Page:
qassam22222
(@qassam22222)
Active Member

thank u very much all that help me D

ReplyQuote
Posted : 19/03/2017 10:30 pm
Jack_Roger81
(@jack_roger81)
New Member

Dear Senior Member,

Apologize for delay!

Thanks for the question and happy that you are really concerned to your confidential data. D

Absolutely agree with the views of other members, deleting files with the data overwritten method is considered most secure and effective. I called it Eco-friendly way of file deletion.

By this way, you can free up your disk space which can be reused in future.

Few of the reputed software which you may try are-
1) DBAN
2) BitRaser
3) Eraser

Hope you remove your files safely…

ReplyQuote
Posted : 22/03/2017 10:07 am
mscotgrove
(@mscotgrove)
Senior Member

I don't think that anyone has mentioned Defrag programs. These could have moved your critical file to a new location, and the old file may be left in unallocated space.

To overcome this type of issue, I occasionally just write a file (typically fairly blank data) to fill the whole drive. This should catch most of the unallocated data. I then just delete this big file.

Don't forget that very small files, maybe a few 100 bytes long, can be stored in the $MFT

ReplyQuote
Posted : 22/03/2017 2:42 pm
benfindlay
(@benfindlay)
Active Member

hello all … and good evening
i want to delete some files and flders from my PC how i can do that ?? without leaving any chance to anyone to recover them ?

The answer is "it depends".

Some further thoughts over and above the previous comments already given (defrag consideration etc. is an excellent point), you would also need to possibly factor in the file/operating system in use.

Is the file system NTFS, and is the OS Vista or newer? If so, then consideration needs to be given to whether Volume Shadow Service is running - you could delete and wipe the sectors in which the file/folder is sitting, but VSS would kick in and potentially backup the deleted data anyway. Until such time as the data in that shadow copy is itself overwritten (FIFO system if I recall correctly), the. The file is still recoverable.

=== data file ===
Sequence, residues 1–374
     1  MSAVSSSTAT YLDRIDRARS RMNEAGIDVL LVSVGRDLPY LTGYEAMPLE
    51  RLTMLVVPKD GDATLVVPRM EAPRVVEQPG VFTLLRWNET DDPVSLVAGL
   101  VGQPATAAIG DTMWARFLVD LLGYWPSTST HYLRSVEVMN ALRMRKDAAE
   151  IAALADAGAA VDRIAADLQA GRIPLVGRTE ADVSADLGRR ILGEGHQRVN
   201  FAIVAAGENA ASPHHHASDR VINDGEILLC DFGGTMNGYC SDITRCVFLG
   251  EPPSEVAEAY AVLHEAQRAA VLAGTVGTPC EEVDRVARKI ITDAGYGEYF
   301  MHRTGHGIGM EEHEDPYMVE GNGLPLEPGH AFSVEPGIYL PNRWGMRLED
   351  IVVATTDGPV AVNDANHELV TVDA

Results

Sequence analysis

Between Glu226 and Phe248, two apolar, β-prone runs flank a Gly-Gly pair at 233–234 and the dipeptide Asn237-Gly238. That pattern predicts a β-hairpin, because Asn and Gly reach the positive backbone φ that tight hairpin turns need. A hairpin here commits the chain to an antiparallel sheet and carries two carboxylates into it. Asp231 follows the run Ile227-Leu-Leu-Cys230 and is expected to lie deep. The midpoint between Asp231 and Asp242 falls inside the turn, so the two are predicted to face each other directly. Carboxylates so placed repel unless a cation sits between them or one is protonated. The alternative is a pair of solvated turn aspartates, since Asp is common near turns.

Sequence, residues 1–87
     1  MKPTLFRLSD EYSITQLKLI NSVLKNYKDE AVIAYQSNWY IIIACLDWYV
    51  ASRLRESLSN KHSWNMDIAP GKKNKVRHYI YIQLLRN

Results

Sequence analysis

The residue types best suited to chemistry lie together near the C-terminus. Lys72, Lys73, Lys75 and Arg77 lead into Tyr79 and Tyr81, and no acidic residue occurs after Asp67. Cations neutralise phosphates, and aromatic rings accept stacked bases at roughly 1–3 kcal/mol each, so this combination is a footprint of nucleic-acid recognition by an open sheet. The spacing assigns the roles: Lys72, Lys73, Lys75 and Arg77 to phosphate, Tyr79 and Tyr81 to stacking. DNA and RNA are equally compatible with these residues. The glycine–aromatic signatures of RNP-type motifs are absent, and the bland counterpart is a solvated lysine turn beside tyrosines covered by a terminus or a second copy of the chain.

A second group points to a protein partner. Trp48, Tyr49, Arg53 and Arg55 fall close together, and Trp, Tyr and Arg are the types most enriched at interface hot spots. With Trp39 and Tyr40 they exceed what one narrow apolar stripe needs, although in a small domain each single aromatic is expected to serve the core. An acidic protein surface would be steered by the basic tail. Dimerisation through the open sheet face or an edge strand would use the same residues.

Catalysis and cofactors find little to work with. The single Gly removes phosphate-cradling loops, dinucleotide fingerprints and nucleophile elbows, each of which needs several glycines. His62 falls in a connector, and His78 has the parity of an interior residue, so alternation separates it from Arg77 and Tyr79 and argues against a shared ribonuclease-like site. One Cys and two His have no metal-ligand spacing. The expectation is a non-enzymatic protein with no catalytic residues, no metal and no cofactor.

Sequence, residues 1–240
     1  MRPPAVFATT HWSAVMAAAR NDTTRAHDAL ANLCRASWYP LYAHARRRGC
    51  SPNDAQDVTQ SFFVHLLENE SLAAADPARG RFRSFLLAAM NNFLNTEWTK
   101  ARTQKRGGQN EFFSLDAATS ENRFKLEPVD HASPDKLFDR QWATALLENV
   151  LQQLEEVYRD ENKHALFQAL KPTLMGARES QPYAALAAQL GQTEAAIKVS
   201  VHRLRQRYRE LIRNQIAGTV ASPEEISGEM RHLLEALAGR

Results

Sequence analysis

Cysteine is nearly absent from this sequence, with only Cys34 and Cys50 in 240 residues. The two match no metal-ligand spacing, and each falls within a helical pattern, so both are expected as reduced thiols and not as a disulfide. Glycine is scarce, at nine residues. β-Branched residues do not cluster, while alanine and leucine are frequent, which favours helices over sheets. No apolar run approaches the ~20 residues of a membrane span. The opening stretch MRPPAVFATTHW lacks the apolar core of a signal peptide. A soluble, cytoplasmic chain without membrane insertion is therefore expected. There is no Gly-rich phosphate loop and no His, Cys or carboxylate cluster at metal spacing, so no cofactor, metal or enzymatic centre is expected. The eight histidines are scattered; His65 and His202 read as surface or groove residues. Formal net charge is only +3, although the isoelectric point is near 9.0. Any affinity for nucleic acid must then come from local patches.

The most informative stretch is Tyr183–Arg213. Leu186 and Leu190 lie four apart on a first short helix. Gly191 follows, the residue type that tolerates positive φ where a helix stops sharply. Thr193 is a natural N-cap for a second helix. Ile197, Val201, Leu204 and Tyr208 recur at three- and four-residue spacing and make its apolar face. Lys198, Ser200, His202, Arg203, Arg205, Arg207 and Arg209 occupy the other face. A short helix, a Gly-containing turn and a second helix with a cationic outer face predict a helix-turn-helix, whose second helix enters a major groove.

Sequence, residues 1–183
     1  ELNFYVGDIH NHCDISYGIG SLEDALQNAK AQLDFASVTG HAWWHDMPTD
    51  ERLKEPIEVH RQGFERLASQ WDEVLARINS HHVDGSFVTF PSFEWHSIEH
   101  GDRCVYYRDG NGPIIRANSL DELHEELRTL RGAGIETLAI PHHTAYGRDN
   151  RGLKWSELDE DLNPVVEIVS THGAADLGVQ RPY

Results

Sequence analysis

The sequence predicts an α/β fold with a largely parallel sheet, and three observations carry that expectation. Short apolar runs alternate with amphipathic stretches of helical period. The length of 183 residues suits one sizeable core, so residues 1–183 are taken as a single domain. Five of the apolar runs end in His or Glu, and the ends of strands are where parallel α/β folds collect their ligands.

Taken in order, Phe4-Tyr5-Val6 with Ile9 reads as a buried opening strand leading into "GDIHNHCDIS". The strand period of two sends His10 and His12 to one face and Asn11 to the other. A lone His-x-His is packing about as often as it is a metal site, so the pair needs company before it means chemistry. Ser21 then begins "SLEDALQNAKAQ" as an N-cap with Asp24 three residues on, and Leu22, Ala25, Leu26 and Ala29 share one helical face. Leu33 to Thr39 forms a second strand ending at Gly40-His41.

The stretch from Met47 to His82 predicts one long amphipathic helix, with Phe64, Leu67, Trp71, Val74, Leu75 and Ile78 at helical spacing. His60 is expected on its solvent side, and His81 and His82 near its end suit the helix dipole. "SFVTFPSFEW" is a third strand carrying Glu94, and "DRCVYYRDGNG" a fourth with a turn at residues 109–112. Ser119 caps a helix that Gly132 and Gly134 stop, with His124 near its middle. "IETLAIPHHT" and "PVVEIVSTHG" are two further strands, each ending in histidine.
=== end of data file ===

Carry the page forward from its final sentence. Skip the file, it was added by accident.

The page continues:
Likewise, if the system is Mac OS X with Time Machine enabled, then consideration needs to be given to any historic backup copies which might exist.

These are just 2 examples of potentially unanticipated features which might cause the data to be recoverable, even if you had wiped the sectors storing the logical file. There are more!

Ben

ReplyQuote
Posted : 22/03/2017 11:57 pm
jaclaz
(@jaclaz)
Community Legend

Don't forget that very small files, maybe a few 100 bytes long, can be stored in the $MFT

For the "standard" 512 bytes/sector (and conversely 1024 bytes/entry) the limit is around 720-736 bytes
http//www.forensicfocus.com/Forums/viewtopic/t=10403/

An interesting question (that noone seems like interested to test/fiddle with) is what happens on 4096 bytes/sector media (and conversely with the much larger $MFT record size)?
http//www.hexacorn.com/blog/2012/05/04/sector-size-and-mft-file-record-size/
Logically the size of the "embedded" file should expand to around 4096-(1024-736)=3808 bytes.

jaclaz

ReplyQuote
Posted : 23/03/2017 11:46 pm
benfindlay
(@benfindlay)
Active Member

An interesting question (that noone seems like interested to test/fiddle with) is what happens on 4096 bytes/sector media (and conversely with the much larger $MFT record size)?
http//www.hexacorn.com/blog/2012/05/04/sector-size-and-mft-file-record-size/
Logically the size of the "embedded" file should expand to around 4096-(1024-736)=3808 bytes.

jaclaz

That's an interesting point and a good spot - thanks for sharing.